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Trade with Cuba remains a priority for potato, wheat officials

Trade with Cuba remains a priority for potato, wheat officials
A team from Potatoes USA recently returned from an “informational
exchange mission” in Cuba.
John O’ConnellCapital Press
Published on May 1, 2017 10:06AM
Last changed on May 1, 2017 2:51PM

A team from Potatoes USA tours a potato field in Cuba. Cuba plans to
evaluate seed from the U.S. in trials this fall, though market
restrictions still make trade difficult.

DENVER — Though efforts to normalize trade relations with Cuba have been
in limbo under President Donald Trump, some potato and wheat industry
leaders have continued making inroads in the market.

A team of 16 board members, seed potato growers and agronomists,
representing Potatoes USA, recently returned from a five-day
“informational exchange mission” to Cuba. Kansas Wheat officials say
they’ve also been active in laying the groundwork for future trade
opportunities with Cuba.

The U.S. has had an embargo against Cuba for decades. Exceptions under a
2000 law allow for exporting U.S. food products and commodities into
Cuba — which have totaled more than $5.3 billion since Dec. 2001,
according to John Kavulich, president of the U.S.-Cuba Trade and
Economic Council Inc.

Under President Barack Obama, the U.S. entered discussions with Cuba
aimed at addressing trade barriers. Kaviluch explained the U.S. requires
Cuban buyers to pay cash rather than extending them credit, prohibits
Cuban businesses from having bank accounts in the U.S. and places
restrictions on the use of the U.S. dollar in transactions with Cuba.

Questions still linger about more than $1.8 billion still owed to U.S.
businesses who had assets taken after the Cuban Revolution. Food product
and agricultural commodities exported to Cuba are processed through the
Bureau of Industry and Security, under the U.S. Department of Commerce.

Kaviluch said another trade obstacle is that “Cuba is consistently late
in paying those who they owe money to.”

Kaviluch said Obama left office before the major questions were
resolved. Trump has voiced concerns about Obama’s Cuban policy, sending
a Twitter message in late November 2016: “If Cuba is unwilling to make a
better deal for the Cuban people, the Cuban-American people and the U.S.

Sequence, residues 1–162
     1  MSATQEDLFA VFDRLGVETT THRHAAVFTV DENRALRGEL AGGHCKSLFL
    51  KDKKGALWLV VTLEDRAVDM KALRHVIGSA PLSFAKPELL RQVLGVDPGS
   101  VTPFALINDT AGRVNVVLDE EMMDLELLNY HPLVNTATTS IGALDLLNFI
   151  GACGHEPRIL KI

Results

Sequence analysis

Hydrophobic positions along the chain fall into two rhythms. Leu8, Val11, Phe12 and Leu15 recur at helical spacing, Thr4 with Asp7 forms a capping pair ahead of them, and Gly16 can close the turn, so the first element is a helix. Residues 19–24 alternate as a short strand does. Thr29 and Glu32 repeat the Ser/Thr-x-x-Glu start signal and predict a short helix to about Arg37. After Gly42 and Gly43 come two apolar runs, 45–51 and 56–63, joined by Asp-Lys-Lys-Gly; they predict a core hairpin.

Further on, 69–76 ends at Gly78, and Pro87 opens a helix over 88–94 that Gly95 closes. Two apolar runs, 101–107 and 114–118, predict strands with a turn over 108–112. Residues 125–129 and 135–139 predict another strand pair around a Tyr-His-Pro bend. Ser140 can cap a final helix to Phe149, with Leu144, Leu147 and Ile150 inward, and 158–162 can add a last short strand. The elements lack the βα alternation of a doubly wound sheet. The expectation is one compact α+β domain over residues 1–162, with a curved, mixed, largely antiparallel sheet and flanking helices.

as a whole, I will terminate the deal.”

Laura Johnson, marketing bureau chief with the Idaho State Department of
Agriculture, said ISDA has added Cuba to the list of potential
destinations when it seeks industry input on state-sponsored trade
missions, though the industry chose Taiwan and Vietnam for the next
mission, scheduled for November.

Daniel Heady, director of governmental affairs with Kansas Wheat,
believes Trump will keep an open mind toward “finding the best deal
possible” with Cuba, which could represent a 50-million-bushel wheat
market. Kansas Wheat officials gave a Cuban team a tour of their state’s
wheat production last October and made their own trip to Cuba a month later.

“At this point, I think we’re probably in a holding pattern,” Heady
said. “That doesn’t mean doing outreach and still doing trade missions
and talking with people is a waste of time.”

Kansas Wheat supports a bill by Sen. Jerry Moran, R-Kan., to normalize
trade with Cuba, and also participates in coalitions advocating for the
cause — Engage Cuba and Agriculture Coalition for Cuba.

The Potatoes USA team visited Cuba on March 27-31, meeting with the
nation’s Ministry of Foreign Commercial Affairs, Ministry of Agriculture
and potato growers in the countryside. According to a press release, the
Cuban government hopes to revive its domestic potato industry, which has
declined significantly during the past two decades, and will need to
import high-quality seed. Potatoes are one of eight foods controlled by
the Cuban government for distribution and price.

The Cuban government hopes to conduct trials beginning this fall to
assess how U.S. seed varieties perform in their tropical climate,
according to the press release.

“Based on successes in the Dominican Republic and Central America,
Potatoes USA and the U.S. seed potato growers are confident U.S.
suppliers can provide potato seed to help improve yields in Cuba,”
Potatoes USA Chief Marketing Officer John Toaspern said in the press

Source: Trade with Cuba remains a priority for potato, wheat officials –
– Capital Press –

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